Basically it’s my two “normal” VCOs, the uLFO and the VCO6, sequenced by the Noisering. As I talked about in the previous posts, the EXT RATE knob is turned fully left so that while the CV output is random, the clock is straight. I’m sending the CV through a mixer to attenuate it a bit, then into a quantizer, then into my new Intellijel Buffered Mult, where I split it into two. With my previous unbuffered mults, this would have been less interesting because the signal would have dropped some. The buffer keeps that from occurring. Once it’s split, the sequence is piped into the VCO6 and the uLFO. The VCO6 is using the triangle wave, the uLFO is using its modified sine, with a LFO clocked every fourth beat adjusting that mod. That provides the slight buzz that rise each measure. The two VCOs are detuned, and it has a really nice organ feel. On some other patches I used a LFO to provide some wobble with the signals put through a filter which really added to that, but not here.
The result is quite pretty. The Noisering really knows how to sequence a bunch of random notes, and I’m loving that thing more and more. It’s random, but it allows so much control over that random. Oxymoronic, I know.
Enjoy. I’ll be posting actual results from several hours with the delay module soon. Including one that’s pretty similar to this.
Got a couple of new modules this week. The MFB Dual ADSR will replace the Doepfer A140. It’s got two ADSR envelopes, each with a “hold” state as well as the expected attack, decay, sustain and release. The envelopes can be triggered individually or together, and they each have two outputs. This is all great.
The Bubblesound uLFO is at its heart, as its name suggests, a low frequency oscillator. But it’s more than just that. It can go really really slow — something like 20 minutes per cycle — and it can be tracked at 1v per octave at audio rate, which basically makes it a secondary VCO. I’ve been wanting to learn more about FM synthesis and this is my first module that has a linear FM input. Both of my VCOs, Doepfer A110’s, only have exponential FM (at some soon point I plan to replace the 110s with a Cwejman VCO6 and a Harvestman Hertz Donut but they’re hard to come by right now).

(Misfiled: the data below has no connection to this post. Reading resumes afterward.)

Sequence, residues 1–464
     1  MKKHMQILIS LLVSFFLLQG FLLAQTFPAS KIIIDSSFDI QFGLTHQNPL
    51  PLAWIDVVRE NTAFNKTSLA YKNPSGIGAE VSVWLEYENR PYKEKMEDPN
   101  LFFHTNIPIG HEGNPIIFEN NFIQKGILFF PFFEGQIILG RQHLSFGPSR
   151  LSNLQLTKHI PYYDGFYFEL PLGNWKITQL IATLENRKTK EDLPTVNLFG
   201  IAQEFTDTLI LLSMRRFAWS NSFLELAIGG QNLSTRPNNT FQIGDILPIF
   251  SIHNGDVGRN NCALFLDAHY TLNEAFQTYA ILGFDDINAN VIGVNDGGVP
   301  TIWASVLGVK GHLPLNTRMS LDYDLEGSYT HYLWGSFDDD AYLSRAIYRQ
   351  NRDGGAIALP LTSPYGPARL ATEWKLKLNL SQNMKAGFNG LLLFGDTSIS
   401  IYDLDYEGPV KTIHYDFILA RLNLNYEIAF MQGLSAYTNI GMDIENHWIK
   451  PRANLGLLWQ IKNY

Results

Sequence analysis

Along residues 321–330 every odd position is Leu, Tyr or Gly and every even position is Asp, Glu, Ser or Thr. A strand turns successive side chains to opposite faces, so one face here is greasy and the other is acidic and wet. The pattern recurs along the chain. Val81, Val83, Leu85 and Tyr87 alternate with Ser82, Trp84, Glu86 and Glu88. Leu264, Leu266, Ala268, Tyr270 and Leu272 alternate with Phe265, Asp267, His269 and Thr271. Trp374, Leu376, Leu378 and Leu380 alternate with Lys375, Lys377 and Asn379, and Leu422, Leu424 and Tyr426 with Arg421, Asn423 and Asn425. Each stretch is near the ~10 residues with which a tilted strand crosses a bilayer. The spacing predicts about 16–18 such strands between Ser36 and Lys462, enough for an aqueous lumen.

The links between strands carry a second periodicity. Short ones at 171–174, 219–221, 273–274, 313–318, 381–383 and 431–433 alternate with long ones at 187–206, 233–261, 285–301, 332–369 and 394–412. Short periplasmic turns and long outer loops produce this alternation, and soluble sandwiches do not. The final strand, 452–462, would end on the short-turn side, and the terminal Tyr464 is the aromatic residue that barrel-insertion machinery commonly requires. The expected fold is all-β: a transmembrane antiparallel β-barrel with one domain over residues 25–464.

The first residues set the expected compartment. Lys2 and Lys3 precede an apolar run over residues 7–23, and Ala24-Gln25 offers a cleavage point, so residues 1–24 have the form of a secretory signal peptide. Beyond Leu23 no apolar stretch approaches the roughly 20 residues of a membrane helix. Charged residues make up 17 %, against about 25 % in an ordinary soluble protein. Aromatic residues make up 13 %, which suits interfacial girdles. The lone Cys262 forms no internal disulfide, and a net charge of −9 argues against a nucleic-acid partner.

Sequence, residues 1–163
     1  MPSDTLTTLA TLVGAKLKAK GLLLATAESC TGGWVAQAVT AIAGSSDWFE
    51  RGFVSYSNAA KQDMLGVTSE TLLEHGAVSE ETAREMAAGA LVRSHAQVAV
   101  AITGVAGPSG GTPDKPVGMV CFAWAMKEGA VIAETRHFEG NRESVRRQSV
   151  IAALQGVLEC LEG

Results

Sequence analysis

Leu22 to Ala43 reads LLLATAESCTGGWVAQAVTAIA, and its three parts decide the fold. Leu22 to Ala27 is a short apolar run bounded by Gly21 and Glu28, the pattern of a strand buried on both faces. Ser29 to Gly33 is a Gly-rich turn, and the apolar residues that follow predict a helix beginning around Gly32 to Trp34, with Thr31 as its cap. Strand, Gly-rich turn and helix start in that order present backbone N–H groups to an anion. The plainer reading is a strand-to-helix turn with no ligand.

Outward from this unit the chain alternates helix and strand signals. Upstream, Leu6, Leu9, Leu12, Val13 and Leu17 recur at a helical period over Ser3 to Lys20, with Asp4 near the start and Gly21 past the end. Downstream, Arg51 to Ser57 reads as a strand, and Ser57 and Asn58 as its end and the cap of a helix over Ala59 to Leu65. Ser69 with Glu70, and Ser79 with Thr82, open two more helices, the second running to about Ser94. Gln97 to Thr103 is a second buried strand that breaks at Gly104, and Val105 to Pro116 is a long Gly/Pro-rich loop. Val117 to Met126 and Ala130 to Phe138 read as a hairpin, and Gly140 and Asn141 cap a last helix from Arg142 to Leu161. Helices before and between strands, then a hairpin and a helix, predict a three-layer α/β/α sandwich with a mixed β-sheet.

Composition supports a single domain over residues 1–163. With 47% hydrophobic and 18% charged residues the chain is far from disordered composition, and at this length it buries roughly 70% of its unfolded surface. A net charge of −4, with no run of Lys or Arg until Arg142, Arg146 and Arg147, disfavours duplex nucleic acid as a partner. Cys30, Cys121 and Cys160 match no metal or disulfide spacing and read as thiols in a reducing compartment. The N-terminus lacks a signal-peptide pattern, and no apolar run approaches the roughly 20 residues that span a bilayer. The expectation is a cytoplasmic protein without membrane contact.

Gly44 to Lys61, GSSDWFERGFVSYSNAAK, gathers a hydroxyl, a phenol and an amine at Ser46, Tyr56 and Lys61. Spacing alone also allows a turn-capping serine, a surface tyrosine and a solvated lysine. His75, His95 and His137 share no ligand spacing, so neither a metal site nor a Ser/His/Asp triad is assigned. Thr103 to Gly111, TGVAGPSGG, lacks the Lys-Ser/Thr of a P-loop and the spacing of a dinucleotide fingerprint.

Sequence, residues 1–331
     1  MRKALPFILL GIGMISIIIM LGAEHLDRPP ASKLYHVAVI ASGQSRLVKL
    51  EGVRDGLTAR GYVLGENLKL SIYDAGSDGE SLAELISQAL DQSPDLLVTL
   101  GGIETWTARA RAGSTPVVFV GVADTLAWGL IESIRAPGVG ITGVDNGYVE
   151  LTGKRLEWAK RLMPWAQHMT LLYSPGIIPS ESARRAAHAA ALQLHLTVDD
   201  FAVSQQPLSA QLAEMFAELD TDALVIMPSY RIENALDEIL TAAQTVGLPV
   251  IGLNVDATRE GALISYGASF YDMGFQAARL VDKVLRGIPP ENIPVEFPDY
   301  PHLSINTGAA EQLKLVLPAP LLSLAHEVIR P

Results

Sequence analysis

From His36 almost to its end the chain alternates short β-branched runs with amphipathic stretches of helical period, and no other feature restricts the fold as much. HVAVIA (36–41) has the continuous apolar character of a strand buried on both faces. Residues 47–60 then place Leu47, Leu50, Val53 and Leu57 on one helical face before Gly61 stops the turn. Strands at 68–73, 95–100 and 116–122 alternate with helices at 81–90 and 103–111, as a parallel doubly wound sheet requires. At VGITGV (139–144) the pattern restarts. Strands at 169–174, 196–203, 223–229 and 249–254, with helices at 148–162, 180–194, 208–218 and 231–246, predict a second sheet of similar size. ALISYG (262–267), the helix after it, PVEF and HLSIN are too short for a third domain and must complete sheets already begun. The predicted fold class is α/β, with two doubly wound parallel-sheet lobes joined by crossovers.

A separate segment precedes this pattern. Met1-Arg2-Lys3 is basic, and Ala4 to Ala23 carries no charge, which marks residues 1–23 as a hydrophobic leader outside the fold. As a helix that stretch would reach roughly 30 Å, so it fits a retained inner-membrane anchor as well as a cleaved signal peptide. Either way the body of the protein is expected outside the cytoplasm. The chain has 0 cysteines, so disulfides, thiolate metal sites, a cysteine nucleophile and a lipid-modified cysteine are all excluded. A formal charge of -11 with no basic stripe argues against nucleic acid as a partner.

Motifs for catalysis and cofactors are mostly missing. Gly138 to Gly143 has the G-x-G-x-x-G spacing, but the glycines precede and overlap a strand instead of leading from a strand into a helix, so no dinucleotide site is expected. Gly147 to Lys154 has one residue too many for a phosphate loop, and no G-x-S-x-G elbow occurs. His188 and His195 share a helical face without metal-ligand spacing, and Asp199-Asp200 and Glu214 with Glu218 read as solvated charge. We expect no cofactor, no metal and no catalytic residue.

One funny thing about the uLFO. On Monday I noticed that the response of the SIne Shaped output seemed odd. This is a unique feature of the uLFO. It’s got a regular sine output but it’s also got a “shaped” sine, which basically creates what the Bubblesound website calls positive/negative biased non-linear triangles. The wave forms look like waves as drawn by a kid on one side, and bumps or the McDonalds logo on the other. However, I noticed that the shapes it created were the opposite from the icons indicated on the panel of the uLFO. I made a little movie to send to send to Bubblesound to make sure that I was hearing it right.
I posted this to the Muffwiggler forum, which got mixed replies. To make sure I wasn’t going nutty I ran the waves through my CueMix oscilloscope which proved that yes, I was hearing it correctly. Later, David at Bubblesound wrote and confirmed my observation. Regardless of this little quirk, this is a terrific module and I look forward to posting more here from the uLFO.